One of the most common experience people choose to have when lucid dreaming is flying - can you blame them?

One of the most common experience people choose to have when lucid dreaming is flying – can you blame them?

Some people have very vivid dreams, others can’t remember a thing when they wake up about what they’ve dreamed the night before. It’s said that by studying your dreams, you in fact learn more about your true inner self since dreams are your subconscious’ projections, genuine and unaltered. What happens when you’re fully aware you’re dreaming and control what’s happening around you? This state is called lucid dreaming, something which only a few people can manage to do innately, and countless more are trying to train themselves to be able to do as well. Now, a recent research found that zapping an electrical current at the right frequency and just in the right place of the brain can induce lucid dreaming about 70% of the time. The applications are numerous, most importantly related to psychological counseling (nightmare management).

Out of reach

So, what exactly is lucid dreaming? Some people never experience it, but chances are you’ve come across it at least once in your life, especially after falling back asleep after your alarm clock goes off. Realizing your dreaming is just the first tidbit, it’s all about sculpting and morphing your dream environment to your liking. In real life humans don’t have wings to fly like a bird, but when you’re lucid dreaming your actually flying and feeling what’s it like – to be more precise, you’re feeling how your subconscious mind projects this sensation. Anyway, lucid dreaming is a great tool for self realization and having a great fun all-round, but it can be difficult to reach.

People, those unfortunate enough not to have been born with the innate ability, have learned to develop all sorts of gimmicks  to enter lucid dreaming. This state of consciousness is so interesting that, naturally, neuroscientists had to peer through in an effort to understand what’s going on in the human mind during these precious moments, but attempts have been curbed by the sheer rarity of the event. It’s pretty hard to strap MRIs on people and hope they’ll go lucid dreaming. They’re scientists though, so whenever possible they’ll take the shortest, most efficient route  – just zap those brains!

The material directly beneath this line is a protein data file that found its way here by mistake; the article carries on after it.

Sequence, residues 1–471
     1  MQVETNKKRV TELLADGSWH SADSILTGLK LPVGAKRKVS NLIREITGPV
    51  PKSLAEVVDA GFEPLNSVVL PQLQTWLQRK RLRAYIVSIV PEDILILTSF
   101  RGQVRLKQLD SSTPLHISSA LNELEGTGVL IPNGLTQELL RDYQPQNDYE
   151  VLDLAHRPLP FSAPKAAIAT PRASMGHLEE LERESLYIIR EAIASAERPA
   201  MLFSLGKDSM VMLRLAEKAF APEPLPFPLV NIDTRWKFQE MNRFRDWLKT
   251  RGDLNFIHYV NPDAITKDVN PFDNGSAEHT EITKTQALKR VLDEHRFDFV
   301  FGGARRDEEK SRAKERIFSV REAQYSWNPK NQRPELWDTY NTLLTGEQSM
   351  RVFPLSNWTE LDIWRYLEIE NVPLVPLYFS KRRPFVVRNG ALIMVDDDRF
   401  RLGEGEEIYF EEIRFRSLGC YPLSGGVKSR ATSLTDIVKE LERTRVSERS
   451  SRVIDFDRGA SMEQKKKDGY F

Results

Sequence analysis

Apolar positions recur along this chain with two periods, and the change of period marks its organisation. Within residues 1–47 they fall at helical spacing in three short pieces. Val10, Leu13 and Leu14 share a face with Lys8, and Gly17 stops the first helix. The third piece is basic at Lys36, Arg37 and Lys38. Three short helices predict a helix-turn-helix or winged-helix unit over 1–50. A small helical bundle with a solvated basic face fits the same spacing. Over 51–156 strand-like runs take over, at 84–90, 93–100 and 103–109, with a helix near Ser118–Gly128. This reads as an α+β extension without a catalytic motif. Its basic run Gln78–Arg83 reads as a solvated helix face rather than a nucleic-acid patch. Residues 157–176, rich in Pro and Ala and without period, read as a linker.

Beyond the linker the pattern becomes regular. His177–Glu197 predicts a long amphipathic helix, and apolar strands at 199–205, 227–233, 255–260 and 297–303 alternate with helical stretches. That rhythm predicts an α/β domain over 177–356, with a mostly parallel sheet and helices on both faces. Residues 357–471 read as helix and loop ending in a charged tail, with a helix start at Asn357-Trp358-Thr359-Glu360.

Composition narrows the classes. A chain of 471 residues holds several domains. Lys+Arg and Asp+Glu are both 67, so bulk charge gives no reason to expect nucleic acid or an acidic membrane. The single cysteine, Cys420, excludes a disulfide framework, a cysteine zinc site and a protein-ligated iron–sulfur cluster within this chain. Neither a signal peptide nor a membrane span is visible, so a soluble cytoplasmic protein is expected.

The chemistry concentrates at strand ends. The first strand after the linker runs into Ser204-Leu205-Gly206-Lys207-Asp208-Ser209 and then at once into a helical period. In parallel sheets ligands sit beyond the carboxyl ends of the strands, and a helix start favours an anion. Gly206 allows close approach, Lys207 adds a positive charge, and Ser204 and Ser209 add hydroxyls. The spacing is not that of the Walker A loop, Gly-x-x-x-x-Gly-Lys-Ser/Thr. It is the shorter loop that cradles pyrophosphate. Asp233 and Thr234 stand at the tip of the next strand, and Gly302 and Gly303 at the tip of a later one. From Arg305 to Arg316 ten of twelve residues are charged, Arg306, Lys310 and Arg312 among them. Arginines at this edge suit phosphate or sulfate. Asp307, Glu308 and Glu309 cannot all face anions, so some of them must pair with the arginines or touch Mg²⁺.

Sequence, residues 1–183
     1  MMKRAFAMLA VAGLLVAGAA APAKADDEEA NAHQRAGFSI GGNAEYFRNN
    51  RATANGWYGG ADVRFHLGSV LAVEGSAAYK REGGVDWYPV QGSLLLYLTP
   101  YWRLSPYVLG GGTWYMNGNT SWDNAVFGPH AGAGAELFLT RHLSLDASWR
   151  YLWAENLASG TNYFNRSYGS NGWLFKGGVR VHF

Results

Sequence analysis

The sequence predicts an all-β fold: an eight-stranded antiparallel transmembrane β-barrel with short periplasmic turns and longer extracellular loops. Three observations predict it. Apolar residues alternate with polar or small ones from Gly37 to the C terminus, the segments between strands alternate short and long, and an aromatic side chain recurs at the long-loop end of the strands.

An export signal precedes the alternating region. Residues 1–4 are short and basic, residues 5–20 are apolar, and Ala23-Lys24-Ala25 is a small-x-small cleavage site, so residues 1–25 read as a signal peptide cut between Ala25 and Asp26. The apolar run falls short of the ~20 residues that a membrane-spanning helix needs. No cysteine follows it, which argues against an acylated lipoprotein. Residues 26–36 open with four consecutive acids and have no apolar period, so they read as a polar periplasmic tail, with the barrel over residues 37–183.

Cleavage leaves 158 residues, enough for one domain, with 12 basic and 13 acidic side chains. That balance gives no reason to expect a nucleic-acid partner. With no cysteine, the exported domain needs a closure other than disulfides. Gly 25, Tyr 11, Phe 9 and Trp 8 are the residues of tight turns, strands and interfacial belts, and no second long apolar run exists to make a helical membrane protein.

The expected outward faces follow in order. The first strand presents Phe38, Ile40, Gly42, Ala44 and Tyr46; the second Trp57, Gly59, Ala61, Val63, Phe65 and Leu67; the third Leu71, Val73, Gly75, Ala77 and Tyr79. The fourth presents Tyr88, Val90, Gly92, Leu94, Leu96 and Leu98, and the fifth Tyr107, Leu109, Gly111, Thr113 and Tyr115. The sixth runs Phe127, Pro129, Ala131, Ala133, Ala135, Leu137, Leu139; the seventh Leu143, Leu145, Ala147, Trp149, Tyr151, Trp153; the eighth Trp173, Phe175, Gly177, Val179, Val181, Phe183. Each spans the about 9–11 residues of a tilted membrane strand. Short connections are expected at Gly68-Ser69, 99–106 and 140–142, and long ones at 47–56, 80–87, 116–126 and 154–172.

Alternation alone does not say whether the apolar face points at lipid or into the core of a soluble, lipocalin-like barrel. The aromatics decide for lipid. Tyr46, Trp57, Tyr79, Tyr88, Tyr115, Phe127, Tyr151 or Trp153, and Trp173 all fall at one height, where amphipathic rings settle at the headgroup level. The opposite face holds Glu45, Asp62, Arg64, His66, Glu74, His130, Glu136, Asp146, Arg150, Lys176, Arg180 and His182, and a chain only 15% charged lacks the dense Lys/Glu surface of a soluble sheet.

Zap the brain and wake up dreaming

Seriously,  Ursula Voss, a clinical psychologist at Frankfurt University in Germany, together with her team applied mild electrical stimuli  to 27 healthy young adults who had never experienced lucid dreaming. Each participant slept overnight in the lab on several occasions. Two minutes after reaching the REM (rapid eye movement) stage of sleep, which is when dreaming happens, the subjects received a weak electrical current (2 to 100 Hertz) to the frontal lobe for 30 seconds, or a sham current with no electricity.

lucid_dreaming

Lucid dreaming, frequency response at 25 and 40Hz.

The researchers found that when the electrical current was a very specific frequency — between 25 and 40Hz — a full 70% of participants experienced lucid dreams. When no current was present, or the wrong frequency, not a single participant had a lucid dream. Interestingly enough, this 25-40 Hz frequency range is associated with gamma waves. The sweet spot was exactly 40 Hz, the electrical current causing the brains of the participants to work at the same frequency as the electrical stimulant and enter lucid dream state most of the time.

Voss had previously identified the 40-Hertz currents as the possible key to lucidity. In a 2009 study, she and her colleagues studied six individuals who were trained lucid dreamers, and found that during episodes of lucidity they produced brain waves in the brain’s frontal area of around 30 to 40 Hertz—much higher than is found in typical REM sleep.

Possibly a massive secret. What’s in stored for the future?

So what’s so special about these Gamma waves? Possibly everything that makes us human! This is only one of many similar studies which have identified and linked frequencies in this band with heightened consciousness. Do other conscious animals attain this frequency? That’d be interesting to find out. If anything, this knowledge can be applied for immediate medical gains, particularly treating nightmares and depression.

You can imagine what kind of fun a device which does this sort of simple trick can do to people, especially those – the grand majority of the world – who have never experienced this sort of sensation. Gadgets and devices designed to produce gamma waves would be tremendously entertaining and most likely safe. It might just be the LSD experience revolution of the ’60s, only this time everything will be literally in your head.

Findings appeared in Nature Neuroscience.

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